It incorporates what I learned in Art in Progress with the idea of space and of organizing that—in this case around the architecture—just as I would have very much organized the objects in the frame when I was doing Art in Progress. It’s the idea of the mise-en-scene of an existing space. It’s not at all what you see when you walked in.
And then, in terms of my concern for “the other,”—which is really very important to me—in Rouffach it was more literal because I dialogued to a certain extent with the patients when they were telling their stories, which I was recording on camera, so it was done in a stylized way, but the content was very real. Then when it came to Furtherance, I didn’t want to make something as literal. I spent a week working in the soup kitchen helping out just to get a sense of how the whole process worked and trying to find inspiration about what I could make. It actually came to me quickly as I absorbed the way these people moved through space, but I didn’t want to be as literal, so I’m using performers in Furtherance, rather than the actual people.
What I think I do share with a lot of documentary photographers and filmmakers is curiosity about “the other,” and some would say “concern” about the
“other.” I wouldn’t go as far as to say a desire to convey the“truth”because I’m less interested in that. I’m more interested in the notion of empathy. I’m interested in the empathetic attitude towards people generally, which I find that a lot of documentary artists have. I chose to go to a psychiatric institution in the middle of Southeast France for one week a month for 6 months. I stayed the night there. I was with the patients from dawn to dusk. There was a part of me that wondered what the hell was I doing there and why was I inflicting this upon myself, but I clearly derived some satisfaction out of it, and it was an amazing experience, on both artistic and human levels. I hope people can see the humanist dimension in my work. It’s really important to me, that.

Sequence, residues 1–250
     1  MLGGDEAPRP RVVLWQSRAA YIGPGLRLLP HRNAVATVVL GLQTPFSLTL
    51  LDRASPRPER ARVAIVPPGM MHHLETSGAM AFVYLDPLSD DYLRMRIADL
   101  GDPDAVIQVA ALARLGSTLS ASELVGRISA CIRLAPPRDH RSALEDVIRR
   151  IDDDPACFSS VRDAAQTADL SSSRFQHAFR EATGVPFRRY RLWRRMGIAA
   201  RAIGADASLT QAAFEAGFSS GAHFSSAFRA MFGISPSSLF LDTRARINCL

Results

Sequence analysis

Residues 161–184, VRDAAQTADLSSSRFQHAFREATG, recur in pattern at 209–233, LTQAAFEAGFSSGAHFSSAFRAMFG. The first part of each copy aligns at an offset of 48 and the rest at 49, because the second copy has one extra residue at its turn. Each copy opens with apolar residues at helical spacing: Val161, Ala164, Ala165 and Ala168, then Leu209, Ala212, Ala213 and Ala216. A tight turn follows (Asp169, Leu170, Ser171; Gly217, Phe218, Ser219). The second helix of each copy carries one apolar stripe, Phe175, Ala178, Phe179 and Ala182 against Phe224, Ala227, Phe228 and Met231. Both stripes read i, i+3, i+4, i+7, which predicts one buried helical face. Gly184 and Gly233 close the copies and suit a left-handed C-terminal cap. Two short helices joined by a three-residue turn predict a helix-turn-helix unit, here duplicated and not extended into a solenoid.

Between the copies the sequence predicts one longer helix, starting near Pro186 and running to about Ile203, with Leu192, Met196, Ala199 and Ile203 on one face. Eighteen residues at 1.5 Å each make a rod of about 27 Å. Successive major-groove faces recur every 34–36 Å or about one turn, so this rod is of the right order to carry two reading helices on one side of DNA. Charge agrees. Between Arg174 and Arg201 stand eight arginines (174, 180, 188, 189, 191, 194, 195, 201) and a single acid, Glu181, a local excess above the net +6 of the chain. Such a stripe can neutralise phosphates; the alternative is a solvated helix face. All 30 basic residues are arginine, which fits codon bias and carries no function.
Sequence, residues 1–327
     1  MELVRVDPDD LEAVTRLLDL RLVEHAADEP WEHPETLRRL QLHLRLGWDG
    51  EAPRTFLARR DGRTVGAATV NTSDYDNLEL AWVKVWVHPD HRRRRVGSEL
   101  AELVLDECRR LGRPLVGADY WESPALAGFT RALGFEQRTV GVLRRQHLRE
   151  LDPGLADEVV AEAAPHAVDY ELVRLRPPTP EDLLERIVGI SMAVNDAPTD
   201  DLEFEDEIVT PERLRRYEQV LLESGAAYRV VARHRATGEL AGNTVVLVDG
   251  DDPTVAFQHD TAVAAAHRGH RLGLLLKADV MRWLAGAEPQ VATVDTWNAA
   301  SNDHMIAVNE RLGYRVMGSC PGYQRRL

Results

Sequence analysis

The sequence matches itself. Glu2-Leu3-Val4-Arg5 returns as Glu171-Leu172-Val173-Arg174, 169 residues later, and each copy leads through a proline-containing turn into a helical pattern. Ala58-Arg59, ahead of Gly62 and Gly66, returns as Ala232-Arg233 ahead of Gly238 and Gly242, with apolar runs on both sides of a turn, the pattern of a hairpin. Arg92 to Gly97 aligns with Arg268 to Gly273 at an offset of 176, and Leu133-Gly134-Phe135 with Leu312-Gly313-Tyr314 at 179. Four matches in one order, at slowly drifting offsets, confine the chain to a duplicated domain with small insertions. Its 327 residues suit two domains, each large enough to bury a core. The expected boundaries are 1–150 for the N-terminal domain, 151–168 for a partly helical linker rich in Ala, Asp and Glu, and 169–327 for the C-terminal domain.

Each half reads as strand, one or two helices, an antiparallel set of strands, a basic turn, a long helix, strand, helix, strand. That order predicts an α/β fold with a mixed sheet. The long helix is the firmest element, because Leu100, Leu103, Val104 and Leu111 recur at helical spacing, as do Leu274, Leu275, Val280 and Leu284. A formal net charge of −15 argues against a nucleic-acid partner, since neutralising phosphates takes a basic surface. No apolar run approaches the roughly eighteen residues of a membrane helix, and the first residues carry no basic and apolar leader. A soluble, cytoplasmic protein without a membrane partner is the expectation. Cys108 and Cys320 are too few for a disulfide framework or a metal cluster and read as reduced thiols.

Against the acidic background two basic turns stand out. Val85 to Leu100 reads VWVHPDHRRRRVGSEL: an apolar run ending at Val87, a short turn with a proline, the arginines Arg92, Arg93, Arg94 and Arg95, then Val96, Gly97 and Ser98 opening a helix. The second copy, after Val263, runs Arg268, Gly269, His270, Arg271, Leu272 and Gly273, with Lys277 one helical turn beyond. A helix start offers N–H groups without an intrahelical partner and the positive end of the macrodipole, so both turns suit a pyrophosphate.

AF: In terms of the piece you are making now, where are you in that church, which character?
LH: It’s very interesting for me because I love churches. They are incredibly familiar places because my mother dragged me to every church under the sun from age 5 to look at the art. Although culturally I am a Catholic, we never went to mass. We just went to see the frescoes, and then I studied History of Art and specialized in Florentine and Venetian Renaissance. I love churches. I love the smell, the atmosphere, the silence, the temperature. It’s always very cool in there. In fact, my first moving image piece was a moving votive painting called The Second Eve.
I wasn’t necessarily as aware as I am now of the importance of the institution in my work, albeit Art in Progress or Rouffach or now Furtherance, but I have realized that I am often dealing with different institutions, and the positive side of these institutions. On a personal level, I’ve always found that institutions brought legitimacy.
Furtherance is a commission by the church, funded by a private foundation, and I’m lucky because the priests of this church are from the order of the Oratorians, and they are a particularly open-minded order. The only brief I was given was to make a piece of work that links the inside to the outside, which I took very literally. Thehe piece shows the inside and it’s projected in a way that it can be seen from the outside. But what I’m trying to do with this piece is transcend the boundaries of the institution because by choosing to convey all these different people linked to the church in the most anonymous way possible—dressed in black, choreographed, walking in a certain way, from a bird’s-eye point of view—there is a desire to erase differences and open up the space of the church—not just as a place of worship, but as a wide-reaching community—which in a way is the idea of the collective, which I was trying to convey in Art in Progress.
What I hope is that people who are walking by who have nothing to do with the Catholic faith will stop and engage with the imagery even if I’m not sure they’re going to work out that the guy walking from point A to point B is actually taking the same steps as the soup goer who’s going to fetch the soup every evening. I don’t need the viewer to know that, necessarily, but that’s how I’m constructing my piece.
My main point in Rouffach is that we are all objects of empathy—not that just psychiatric patients are—that we all are. Of the 7 patients I worked with, (a couple had suffered severe abuse in their lives which puts them in a different category), the majority had been through what most of us go through or will go through—divorce, cancer, bullying in the workplace, grief, losing one’s next of kin—these things which unfortunately happen to many of us. We don’t all have the same coping mechanisms: the same things happen, but some people will react in what is considered a stronger way than others. But there was this idea in Rouffach of showing that we are all more or less the same. I think in Furtherance, as in Art in Progress, there is this desire to open up the space and to show that it’s a sort of hive, like a beehive, of different people with different identities, fates, etc., who are engaging within and throughout the same space.